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jedfsu 04-01-2013 12:57 PM

arthroscopy or straight for mosaicplasty?
I'm glad to have found this forum as I was dx w/a 12 mm x 7mm lesion on my right talus about 2 mo. ago. I'm 44 & have two kids (3 and 5 yrs) and stay home w.them. I'm mentally a disaster. The doc I see (am in Boston) says that we can do arthroscopy or go straight for mosaicplasty. I am not sure what to do. He says that there is no study to show which is better or for that matter what will happen if I do nothing. I'm not in a lot of pain and am going back to the gym soon. Prior to this, I was very active athletically and really don't want to deal with this clicking and popping and/or have this thing get bigger. Doc says that he has no data on what will happen if I do nothing. I'm going for a second opinion at MGH in May. The most frustrating thing is the time that the docs give you. I had so many questions and he basically cut me off and said he has to see another patient. He talked about using bone from my knees but when I told him about previous knee surgeries he then spoke about cadaver. He said that mosaicplasty is OATS but then it seems that it's not exactly the same. I saw a post that was from 2007 that outlined the different things that you can do surgically but saw no mention of mosaicplasty.

Also, has anyone suggested to this site that they have an "ankle" section?

Thanks for listening!

jmpt 04-01-2013 02:43 PM

re: arthroscopy or straight for mosaicplasty?
Hi Janet,
The big question is if the defect you have is on the medial or lateral side of the talar dome and how deep is the defect. The major blood suppy to the talus is on the lateral neck of the bone. If the defect gets too deep, it MIGHT, big Might afftect the blood supply to the bone and cause the bone to become necrotic. If you are not wanting surgery and not having much pain, then just monitor it with MRI or CT scan every couple of years. If pain increases- get it checked out. I know what it is like to have the craziness of kids. mine are almost 3 and 5. My husband had to take care of the kids in every way after my surgery for 6 weeks. After about 3-4 weeks I could help some but not much b/c I was non-wt bearing for 6 weeks.
If your defect is shallow , it might be a good idea to fix it now. Mine got deeper over time. I am happy I got the DeNovo graft. It has made such a wonderful difference. You might want to find a surgeon that has done the denovo graft before. (I personally do not want to be a surgeon's first) The one thing that made me do the denovo graft is the recovery time is shorter than the cadaver bone; less invasive and if the graft does not work (which it has worked)- I could go for the cadaver graft. If the cadaver graft fails, the only thing left to do is fuse the ankle.
I am confident it will not need anymore surgeries.
I hope this helps

jedfsu 04-02-2013 06:20 AM

re: arthroscopy or straight for mosaicplasty?
Thanks so much for your quick response!!! I live in Boston so I searched this board and found Dr. Johnson at MGH does the DeNovo. I have an appt to see her in May. The doc I saw yesterday did not mention the DeNovo at all. I also tried to get a # out of him on how many of these he's done (he is a foot and ankle guy at a Harvard Hosp so I'm guessing he's done a few...) but he didn't offer up a number but was more vague. He was just so short w/me & I had so many questions. It didn't help that my kids were off school and we had to wait over an hour for x-rays (one machine was down) and then wait another 1/2 hour to see him. There is only so much "Super Y" they can watch on my phone!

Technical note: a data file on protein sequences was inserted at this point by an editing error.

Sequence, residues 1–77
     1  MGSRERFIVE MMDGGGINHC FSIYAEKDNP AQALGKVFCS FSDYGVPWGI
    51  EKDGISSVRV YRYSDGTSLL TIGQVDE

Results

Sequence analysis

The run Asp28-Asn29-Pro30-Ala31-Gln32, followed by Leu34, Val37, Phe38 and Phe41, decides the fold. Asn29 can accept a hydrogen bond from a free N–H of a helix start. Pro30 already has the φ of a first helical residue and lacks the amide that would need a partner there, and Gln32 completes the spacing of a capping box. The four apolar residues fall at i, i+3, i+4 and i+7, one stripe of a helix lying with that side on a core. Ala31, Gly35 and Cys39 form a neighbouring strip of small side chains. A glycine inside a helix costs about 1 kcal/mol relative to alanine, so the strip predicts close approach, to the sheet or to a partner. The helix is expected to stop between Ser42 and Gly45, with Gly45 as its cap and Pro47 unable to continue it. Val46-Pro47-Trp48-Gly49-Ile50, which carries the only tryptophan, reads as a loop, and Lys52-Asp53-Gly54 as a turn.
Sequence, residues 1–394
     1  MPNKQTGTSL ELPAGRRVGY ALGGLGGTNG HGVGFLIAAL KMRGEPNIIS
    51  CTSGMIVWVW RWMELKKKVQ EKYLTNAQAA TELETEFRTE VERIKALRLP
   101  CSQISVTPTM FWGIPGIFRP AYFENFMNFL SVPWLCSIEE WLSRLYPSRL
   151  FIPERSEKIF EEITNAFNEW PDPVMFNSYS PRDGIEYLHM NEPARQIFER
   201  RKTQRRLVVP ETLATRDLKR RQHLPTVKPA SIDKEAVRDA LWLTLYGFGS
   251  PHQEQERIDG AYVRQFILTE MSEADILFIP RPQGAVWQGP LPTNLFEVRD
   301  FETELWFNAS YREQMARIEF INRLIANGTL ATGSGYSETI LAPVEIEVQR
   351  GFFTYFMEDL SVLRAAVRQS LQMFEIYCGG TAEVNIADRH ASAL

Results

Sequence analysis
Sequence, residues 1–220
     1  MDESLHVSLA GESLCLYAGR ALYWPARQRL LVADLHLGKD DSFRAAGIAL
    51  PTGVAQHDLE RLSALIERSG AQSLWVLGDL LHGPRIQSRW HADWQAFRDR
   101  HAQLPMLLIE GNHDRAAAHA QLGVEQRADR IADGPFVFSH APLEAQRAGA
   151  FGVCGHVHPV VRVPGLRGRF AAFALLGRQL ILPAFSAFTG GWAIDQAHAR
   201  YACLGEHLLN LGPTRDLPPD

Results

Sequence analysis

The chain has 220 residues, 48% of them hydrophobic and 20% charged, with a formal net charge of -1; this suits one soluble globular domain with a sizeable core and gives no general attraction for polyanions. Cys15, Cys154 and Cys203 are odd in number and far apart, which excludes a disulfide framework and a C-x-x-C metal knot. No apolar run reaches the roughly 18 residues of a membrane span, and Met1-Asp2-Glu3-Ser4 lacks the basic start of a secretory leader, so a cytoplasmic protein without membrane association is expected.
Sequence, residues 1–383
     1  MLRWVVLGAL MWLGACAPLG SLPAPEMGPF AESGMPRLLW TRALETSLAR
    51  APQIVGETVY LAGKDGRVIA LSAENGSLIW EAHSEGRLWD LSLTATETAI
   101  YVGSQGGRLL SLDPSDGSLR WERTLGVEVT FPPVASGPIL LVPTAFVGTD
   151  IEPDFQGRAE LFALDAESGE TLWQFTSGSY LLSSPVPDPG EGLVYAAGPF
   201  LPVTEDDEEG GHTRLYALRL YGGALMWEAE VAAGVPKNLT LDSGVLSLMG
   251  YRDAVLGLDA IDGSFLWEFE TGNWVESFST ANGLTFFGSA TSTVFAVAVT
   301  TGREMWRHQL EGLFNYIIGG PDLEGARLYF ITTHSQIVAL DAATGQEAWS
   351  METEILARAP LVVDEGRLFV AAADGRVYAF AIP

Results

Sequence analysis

I've been looking for a live in nanny or au pair so that if I do go for the surgery, I can manage with the kids. My husband works full-time so is limited in how much help he can be. I was non-weight bearing for 4 weeks in the CAM boot to see if would heal on it's own. Looking back, I think that was a complete waste. I think my lesion is far too big to heal that way. I was able to drive taking boot off. But this time, the whole not driving thing has me very worried. I calculated out 8 weeks and if I have the surgery in July (we're taking a much needed vaca mid June to beginning July) then I should be driving again 2nd week of Sept. What worries me is that if I'm in too much pain to drive what am I going to do? I did find one caregiver who does not start back to school until end of Sept but I also don't want to be stuck w/someone here if I don't need them!

I'm going to call today and find out more about my lesion. I just know it's 12mm x 7mm. I've not yet had a CT scan just MRI so maybe they don't know the depth? Location they did tell me but I forget. I think it's on the inside of my ankle but also will double check. I really have no pain, just annoyance of the clicking and popping. BUT, I've not been working out at all. I'm going to start back shortly at the gym but not do any high impact which really bums be out. I really love some of boxing classes which have a lot of jump roping. The doc yesterday told me to do activities where my feet don't leave the floor like spinning and elliptical. BORING!

I'll repost when I get more info and thanks again!!!!!

jedfsu 04-02-2013 06:26 AM

re: arthroscopy or straight for mosaicplasty?
Here is my MRI - there is no mention of depth!!!! Maybe you can see something that I'm not seeing?

Signs/Symptoms: Pain/tenderness in Rt ankle

INDICATION: Pain, tenderness. Intermittent pain, localized
medially and anteriorly. Concern for osteochondral lesion of
medial talar dome.

TECHNIQUE: MRI of the right ankle was performed without
administering intravenous contrast, according to standard
departmental protocol.

COMPARISON: None available


Bone: A 12 x 7 mm (4: 16 and 5: 17) osteochondral lesion is seen
within the medial talar dome, with marked underlying bone marrow
edema and some subchondral cystic changes within the talar body.
Minimal fluid is noted along the inferomedial portion of the
osteochondral lesion, but none along its superolateral margin.
There is heterogeneous high signal of the cartilage of this
osteochondral lesion, suggesting impaired integrity.

Tendons: The anterior extensor tendons (tibialis anterior,